If Richard has a "fatal flaw," this might be it. The play is all about Richard's reluctance to actually do anything when he's directly challenged:
Richard is not what you would call a man of action. Henry Bolingbroke, on the other hand, is all about aggressive action. When he sees a chance to get the upper hand or gain power, he takes it. Shakespeare is asking us to think about whether a willingness to take action is what makes for a good king.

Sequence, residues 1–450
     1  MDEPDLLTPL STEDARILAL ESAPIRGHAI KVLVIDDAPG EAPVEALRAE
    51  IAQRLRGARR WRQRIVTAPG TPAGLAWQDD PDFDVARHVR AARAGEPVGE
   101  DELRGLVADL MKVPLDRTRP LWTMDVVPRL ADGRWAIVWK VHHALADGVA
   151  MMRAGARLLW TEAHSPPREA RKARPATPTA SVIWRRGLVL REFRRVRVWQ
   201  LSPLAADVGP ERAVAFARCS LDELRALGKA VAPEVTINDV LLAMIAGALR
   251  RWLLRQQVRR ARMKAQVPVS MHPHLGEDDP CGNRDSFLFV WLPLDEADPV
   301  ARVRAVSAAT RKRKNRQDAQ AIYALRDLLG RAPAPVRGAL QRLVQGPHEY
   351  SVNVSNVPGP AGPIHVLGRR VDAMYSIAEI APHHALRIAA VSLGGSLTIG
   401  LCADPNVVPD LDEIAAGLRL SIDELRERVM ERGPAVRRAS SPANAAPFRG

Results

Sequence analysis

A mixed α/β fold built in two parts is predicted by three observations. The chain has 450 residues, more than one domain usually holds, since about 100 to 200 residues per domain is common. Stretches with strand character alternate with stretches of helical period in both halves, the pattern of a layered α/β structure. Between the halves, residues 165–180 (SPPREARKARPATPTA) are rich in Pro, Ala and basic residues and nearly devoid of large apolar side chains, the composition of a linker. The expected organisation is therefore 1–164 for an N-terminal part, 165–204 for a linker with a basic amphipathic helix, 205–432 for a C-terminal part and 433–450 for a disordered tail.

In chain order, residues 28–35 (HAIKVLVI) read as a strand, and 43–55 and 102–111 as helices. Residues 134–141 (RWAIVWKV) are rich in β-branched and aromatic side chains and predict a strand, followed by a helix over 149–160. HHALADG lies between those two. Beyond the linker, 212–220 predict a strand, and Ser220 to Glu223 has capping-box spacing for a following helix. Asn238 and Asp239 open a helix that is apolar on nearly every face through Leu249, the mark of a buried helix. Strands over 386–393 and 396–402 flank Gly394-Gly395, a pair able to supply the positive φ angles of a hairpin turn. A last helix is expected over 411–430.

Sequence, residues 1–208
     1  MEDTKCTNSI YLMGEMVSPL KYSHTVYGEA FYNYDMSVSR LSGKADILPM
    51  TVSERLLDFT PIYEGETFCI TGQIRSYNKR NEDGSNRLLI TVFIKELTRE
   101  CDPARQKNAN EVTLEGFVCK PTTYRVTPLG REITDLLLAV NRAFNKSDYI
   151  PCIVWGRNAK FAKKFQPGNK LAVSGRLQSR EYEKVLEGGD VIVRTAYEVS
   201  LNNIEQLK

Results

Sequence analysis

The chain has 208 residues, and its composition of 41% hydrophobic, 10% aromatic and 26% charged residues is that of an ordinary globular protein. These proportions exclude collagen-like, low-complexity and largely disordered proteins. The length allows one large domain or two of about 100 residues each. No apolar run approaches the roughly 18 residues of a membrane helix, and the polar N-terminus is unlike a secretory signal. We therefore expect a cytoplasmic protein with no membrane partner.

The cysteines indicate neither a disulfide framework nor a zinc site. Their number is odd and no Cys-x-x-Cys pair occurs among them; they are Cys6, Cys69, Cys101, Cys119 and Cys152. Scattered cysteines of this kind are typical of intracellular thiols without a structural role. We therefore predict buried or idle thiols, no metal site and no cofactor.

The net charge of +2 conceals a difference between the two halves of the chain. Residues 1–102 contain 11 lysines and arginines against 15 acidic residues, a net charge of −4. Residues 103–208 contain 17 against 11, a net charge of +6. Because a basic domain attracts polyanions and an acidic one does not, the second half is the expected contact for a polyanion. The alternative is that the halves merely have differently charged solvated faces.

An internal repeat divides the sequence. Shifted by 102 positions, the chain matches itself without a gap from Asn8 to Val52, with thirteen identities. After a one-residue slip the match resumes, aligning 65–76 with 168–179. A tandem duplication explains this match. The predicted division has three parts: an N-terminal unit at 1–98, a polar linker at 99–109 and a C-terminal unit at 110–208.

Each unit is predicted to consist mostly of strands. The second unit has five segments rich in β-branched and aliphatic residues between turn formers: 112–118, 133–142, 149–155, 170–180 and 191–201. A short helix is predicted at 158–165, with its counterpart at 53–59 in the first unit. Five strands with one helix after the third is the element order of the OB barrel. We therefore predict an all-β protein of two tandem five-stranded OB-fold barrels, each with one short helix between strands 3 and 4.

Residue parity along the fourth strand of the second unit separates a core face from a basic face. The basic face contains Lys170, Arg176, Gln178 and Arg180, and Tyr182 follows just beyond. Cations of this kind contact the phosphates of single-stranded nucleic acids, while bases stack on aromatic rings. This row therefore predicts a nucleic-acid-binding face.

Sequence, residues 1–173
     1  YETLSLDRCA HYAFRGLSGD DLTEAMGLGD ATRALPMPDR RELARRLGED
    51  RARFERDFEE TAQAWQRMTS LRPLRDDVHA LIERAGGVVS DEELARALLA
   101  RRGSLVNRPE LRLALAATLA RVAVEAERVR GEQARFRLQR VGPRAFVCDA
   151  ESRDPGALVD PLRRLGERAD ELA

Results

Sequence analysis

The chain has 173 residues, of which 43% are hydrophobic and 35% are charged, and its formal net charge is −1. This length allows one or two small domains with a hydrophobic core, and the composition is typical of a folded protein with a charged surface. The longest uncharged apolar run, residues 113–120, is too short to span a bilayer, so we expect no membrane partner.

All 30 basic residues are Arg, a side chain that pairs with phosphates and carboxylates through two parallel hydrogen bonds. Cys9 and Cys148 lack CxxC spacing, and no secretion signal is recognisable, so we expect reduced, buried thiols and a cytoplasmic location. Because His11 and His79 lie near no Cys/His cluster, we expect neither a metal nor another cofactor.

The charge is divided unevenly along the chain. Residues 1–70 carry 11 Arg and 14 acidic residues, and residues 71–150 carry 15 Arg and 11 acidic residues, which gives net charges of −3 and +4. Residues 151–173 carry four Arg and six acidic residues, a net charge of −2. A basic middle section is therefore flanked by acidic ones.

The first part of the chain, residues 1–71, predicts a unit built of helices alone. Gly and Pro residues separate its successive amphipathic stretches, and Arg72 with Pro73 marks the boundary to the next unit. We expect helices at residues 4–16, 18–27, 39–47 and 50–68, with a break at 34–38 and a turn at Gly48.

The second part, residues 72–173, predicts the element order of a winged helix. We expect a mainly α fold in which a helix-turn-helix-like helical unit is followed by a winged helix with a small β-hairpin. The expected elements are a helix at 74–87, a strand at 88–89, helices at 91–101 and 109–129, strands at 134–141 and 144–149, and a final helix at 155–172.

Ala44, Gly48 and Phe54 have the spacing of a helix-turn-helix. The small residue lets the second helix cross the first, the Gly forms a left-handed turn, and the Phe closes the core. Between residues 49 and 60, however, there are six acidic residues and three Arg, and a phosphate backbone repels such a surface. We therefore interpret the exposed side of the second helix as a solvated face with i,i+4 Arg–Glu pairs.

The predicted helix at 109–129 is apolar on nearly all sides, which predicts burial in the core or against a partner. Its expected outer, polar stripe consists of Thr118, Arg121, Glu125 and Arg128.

Although the play starts off dealing with the aftermath of an active crime – Gloucester's murder – Richard's real failure is his inability to act.
Richard's passivity might have been bad when he was king, but his ability to talk about what he's lost makes his situation pretty moving once he's lost his power.